The speed with which the customer is taking control of the buying journey is challenging marketing organizations’ status quo.
Marketing executives are responding to this in often reactive and disjointed ways, but almost always through the lens of “transformation.” Transformation continues to be both the biggest buzzword and the biggest trend that any industry will face right now, and it’s in large part because customers are demanding a more connected, continuous, transparent, and hyper-relevant experience with a brand. Transformation is also capturing our attention because many brands are now either finally catching up or are trying to leapfrog their competition digitally.
Transformation is actually more of a movement than it is a trend because the majority of marketers understand the need to evolve their businesses, they recognize the urgency in changing how they do business, and they know that their competitors are having the same conversation. They are looking at two possible approaches: either digitally transform the products or digitally transform the company. Either approach requires a micro and granular understanding of the business, the customers, and the brand.
The ways in which marketers are defining their approaches and operationalizing and prioritizing the transformation of their organizations are presenting themselves through a few consistent levers of marketing.
This remains one of the key areas of competition and differentiation for marketers, but many still focus too narrowly on just the digital experience. The complete, holistic, connected customer experience (CX) exists well beyond digital, owned, and earned channels and into every other touchpoint the customer has with the brand from the product itself and the customer support to the sales and even third-party interactions with the brand.
Strong CX efforts become even more critical within the B2B space, where lengthy decision cycles, multiple layers of stakeholders, and constant innovation make buying decisions extremely complex. When many decision-makers are struggling to parse which variation of a technology or service expertise is right for their business, the brands that offer a well-rounded customer experience are the ones that stand out.
Gartner stated more than four years ago that the CMO would spend more on technology than the CIO by 2017. It’s 2017, and that prediction is proving accurate. This internal shift in everything from budget ownership of marketing technology to the internal people, processes, and actual platform solutions selected are largely falling to CMOs with no prior experience in this space. The shift to marketing owning technology also allows for more of a customer-first focus on the role of technology in the organization, which in turn feeds digital transformation.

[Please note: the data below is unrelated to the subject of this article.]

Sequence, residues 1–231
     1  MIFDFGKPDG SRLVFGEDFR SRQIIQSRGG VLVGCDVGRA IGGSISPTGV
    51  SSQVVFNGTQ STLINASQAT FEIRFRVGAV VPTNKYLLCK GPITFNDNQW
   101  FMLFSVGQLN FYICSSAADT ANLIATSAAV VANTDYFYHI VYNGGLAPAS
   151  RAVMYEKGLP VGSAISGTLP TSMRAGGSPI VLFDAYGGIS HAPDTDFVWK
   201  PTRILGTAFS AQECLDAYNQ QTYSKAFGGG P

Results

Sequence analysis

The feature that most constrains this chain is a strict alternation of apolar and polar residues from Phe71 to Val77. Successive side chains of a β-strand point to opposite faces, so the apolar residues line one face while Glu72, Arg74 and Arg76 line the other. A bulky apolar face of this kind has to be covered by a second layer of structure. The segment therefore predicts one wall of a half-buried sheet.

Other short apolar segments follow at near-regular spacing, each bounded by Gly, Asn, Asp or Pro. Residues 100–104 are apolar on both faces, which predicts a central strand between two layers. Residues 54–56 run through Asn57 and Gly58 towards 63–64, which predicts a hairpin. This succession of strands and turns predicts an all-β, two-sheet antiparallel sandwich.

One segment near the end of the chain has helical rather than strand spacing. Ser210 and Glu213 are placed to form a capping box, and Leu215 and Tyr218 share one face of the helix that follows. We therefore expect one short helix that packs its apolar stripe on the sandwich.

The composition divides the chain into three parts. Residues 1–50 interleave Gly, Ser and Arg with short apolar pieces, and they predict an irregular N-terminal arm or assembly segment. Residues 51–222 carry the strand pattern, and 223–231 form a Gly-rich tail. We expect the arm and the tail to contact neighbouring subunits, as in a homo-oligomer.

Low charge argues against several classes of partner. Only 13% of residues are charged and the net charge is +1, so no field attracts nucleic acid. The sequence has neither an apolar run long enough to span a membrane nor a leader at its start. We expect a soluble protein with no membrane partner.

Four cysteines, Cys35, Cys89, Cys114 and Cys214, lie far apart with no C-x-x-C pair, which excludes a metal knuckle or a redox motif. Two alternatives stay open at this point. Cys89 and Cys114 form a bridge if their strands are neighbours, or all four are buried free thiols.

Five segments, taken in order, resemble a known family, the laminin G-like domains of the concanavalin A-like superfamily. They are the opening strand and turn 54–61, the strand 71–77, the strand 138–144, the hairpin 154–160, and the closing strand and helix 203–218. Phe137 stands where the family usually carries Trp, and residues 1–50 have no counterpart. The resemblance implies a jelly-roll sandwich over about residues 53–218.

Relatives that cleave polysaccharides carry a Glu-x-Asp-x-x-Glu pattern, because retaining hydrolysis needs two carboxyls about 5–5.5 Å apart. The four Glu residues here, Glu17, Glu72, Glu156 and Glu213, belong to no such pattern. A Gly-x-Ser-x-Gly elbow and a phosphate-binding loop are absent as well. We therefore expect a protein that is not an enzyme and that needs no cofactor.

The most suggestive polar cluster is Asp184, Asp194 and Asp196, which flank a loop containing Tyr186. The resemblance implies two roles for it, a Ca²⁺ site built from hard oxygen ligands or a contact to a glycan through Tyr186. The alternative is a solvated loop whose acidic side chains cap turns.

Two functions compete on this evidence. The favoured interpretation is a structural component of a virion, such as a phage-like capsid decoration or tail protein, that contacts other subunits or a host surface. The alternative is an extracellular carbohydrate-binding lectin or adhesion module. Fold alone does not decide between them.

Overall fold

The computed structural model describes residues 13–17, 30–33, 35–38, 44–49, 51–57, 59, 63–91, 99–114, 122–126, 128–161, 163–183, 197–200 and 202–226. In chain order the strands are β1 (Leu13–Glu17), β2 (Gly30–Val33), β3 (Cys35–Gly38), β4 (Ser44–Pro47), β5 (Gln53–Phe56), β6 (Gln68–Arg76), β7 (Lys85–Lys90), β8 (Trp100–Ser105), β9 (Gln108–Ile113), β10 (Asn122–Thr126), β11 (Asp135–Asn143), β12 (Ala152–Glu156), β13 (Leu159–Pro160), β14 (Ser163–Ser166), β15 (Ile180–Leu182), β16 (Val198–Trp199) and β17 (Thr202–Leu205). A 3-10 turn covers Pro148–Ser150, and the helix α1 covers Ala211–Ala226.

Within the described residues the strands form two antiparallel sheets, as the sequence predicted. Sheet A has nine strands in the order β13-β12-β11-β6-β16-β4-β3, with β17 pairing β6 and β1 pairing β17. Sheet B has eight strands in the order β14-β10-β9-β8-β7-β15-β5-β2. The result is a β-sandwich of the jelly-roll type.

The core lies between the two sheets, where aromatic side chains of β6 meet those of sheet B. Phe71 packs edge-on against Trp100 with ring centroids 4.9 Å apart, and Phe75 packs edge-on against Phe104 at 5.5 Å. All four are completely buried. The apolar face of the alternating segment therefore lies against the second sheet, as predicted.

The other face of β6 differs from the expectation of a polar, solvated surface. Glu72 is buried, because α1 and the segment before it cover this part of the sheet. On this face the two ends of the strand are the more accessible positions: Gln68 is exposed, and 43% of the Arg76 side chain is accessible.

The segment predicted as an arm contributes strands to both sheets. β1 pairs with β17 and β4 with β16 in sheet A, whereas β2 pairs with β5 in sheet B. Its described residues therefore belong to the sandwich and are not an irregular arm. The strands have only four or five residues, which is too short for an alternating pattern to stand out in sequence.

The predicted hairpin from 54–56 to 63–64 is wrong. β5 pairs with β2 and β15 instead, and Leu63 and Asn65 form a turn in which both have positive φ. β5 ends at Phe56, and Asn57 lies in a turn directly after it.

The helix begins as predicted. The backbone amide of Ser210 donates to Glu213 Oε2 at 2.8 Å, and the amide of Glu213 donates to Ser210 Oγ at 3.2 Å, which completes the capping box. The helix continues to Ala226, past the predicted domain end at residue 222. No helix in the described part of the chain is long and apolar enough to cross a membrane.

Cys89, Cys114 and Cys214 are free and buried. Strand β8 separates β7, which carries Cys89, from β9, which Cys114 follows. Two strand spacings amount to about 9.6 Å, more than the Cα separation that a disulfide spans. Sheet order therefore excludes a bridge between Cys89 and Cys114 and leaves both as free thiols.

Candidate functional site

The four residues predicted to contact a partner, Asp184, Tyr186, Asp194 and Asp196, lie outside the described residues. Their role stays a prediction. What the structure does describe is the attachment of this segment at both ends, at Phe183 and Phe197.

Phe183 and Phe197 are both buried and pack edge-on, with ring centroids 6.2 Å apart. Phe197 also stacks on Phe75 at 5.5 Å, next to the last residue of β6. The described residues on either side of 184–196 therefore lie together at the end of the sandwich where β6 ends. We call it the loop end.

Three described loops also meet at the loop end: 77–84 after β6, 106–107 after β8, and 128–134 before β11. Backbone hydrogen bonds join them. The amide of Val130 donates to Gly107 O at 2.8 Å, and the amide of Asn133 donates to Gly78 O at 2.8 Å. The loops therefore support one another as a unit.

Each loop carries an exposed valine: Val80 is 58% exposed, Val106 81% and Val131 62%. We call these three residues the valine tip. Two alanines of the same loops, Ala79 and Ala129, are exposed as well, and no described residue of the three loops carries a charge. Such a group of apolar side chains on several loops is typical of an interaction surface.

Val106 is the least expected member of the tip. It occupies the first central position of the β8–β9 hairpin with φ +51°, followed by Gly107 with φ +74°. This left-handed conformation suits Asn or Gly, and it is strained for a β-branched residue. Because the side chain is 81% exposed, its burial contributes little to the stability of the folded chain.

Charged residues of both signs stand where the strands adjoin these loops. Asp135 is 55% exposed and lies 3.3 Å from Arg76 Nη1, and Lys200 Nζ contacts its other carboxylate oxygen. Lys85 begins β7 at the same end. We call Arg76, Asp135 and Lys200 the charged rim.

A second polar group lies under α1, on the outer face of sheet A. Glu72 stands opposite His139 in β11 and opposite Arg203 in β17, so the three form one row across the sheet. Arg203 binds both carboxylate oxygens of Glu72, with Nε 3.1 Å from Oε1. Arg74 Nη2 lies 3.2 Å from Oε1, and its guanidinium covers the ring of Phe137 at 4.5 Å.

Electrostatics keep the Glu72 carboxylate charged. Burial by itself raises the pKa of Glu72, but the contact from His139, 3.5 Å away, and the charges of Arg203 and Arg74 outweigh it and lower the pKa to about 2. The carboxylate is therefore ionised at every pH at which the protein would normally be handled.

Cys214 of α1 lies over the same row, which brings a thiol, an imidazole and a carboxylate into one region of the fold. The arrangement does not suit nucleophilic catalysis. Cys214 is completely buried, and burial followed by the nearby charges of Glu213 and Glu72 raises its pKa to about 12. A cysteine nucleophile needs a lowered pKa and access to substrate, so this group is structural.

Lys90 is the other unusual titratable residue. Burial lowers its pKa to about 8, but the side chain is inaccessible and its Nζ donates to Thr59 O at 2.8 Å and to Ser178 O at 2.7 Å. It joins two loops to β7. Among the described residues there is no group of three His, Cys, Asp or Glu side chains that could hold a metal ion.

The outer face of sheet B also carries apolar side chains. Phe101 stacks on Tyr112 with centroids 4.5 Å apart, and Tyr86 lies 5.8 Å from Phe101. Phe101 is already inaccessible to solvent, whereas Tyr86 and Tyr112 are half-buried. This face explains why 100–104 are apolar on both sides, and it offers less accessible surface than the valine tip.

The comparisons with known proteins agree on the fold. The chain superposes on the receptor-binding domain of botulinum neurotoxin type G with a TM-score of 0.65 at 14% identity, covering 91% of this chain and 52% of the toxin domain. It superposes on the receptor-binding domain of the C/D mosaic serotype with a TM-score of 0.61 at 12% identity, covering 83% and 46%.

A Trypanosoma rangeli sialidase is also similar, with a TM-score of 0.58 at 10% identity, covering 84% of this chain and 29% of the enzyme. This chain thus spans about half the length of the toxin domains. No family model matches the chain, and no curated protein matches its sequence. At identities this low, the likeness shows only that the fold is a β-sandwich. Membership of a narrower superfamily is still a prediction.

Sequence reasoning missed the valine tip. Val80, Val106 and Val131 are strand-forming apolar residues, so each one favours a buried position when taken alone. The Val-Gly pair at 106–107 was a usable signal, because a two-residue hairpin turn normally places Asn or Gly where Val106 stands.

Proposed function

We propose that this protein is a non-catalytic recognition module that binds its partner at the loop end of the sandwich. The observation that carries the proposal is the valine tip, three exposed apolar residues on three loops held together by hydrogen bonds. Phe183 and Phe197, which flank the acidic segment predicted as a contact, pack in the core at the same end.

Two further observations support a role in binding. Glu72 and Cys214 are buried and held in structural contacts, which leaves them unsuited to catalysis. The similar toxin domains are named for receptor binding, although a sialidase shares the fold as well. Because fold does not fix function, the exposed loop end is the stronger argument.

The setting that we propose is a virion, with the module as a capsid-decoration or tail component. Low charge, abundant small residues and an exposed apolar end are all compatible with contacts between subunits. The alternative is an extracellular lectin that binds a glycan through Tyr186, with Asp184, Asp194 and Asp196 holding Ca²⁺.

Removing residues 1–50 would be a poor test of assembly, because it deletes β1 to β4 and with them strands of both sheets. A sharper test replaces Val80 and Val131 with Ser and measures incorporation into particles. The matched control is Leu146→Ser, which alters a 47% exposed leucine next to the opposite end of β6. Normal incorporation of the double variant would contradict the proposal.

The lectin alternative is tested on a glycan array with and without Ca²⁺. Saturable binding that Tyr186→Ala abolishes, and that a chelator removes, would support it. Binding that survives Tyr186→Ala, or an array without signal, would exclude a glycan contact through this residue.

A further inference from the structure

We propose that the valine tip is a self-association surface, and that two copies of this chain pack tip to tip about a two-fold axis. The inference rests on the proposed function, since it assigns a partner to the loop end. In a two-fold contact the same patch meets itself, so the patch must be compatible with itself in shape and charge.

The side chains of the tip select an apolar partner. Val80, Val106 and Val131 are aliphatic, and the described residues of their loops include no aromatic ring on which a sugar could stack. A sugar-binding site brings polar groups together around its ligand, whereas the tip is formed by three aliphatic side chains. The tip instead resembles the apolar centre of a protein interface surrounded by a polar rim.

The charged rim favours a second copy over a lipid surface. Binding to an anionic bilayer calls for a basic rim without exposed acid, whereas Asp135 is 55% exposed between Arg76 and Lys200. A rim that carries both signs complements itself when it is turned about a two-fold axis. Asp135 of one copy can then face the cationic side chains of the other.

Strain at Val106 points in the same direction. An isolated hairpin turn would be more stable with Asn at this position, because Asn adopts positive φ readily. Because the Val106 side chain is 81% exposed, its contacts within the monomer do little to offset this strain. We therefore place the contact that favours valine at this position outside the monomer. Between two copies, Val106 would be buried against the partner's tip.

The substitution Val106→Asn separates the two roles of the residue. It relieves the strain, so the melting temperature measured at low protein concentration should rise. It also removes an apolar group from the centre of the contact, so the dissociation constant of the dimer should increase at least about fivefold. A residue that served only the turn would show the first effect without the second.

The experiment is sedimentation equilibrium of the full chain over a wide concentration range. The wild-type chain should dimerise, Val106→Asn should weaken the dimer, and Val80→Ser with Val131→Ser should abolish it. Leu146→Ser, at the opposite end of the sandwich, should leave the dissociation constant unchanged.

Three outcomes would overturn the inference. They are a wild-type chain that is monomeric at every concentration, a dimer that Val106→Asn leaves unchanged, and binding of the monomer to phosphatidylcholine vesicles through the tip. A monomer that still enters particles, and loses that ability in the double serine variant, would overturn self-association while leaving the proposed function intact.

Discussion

Gartner’s 2017 CMO Spend survey predicts that digital advertising will be a top initiative for high tech organizations, which will present both opportunities and challenges for marketers due to the fast-paced and ever-changing landscape of digital advertising. From programmatic and geo-focused to mobile-first, socially driven, personalized, and targeted content—digital advertising offers a reach like never before, and its success is fully tied to how well the marketer has mapped the ad strategy to the buying journey, behaviors, and needs of the customer.
The mindset—and strategy—of marketers, however, needs to account for this new era of digital advertising, which does not need to hinge on reaching the most people, but absolutely should be leveraged to reach the right people.
We have long been in an industry focused on data, but the collision of big data, small data, marketing technology, data visualization, and data science are all still a relatively new combination for data-driven marketing, all of which lends itself to the role of predictive analytics. According to Gartner’s Hype Cycle for Business Intelligence and Analytics, predictive analytics has captured the interest of “ready organizations,” but is still early mainstream in its maturity level, and it’s certainly not for every brand.
The common thread across these drivers is a digital foundation that is inherently connected to the customer profile and enables the marketer to deliver the best possible customer experiences. Transformation is overwhelming, complex, and not achieved overnight. But by road-mapping out and prioritizing key business components of transformation—the customer, the technology, and the data—2017 can be the year of actual transformation execution, rather than another year of looking for a starting point.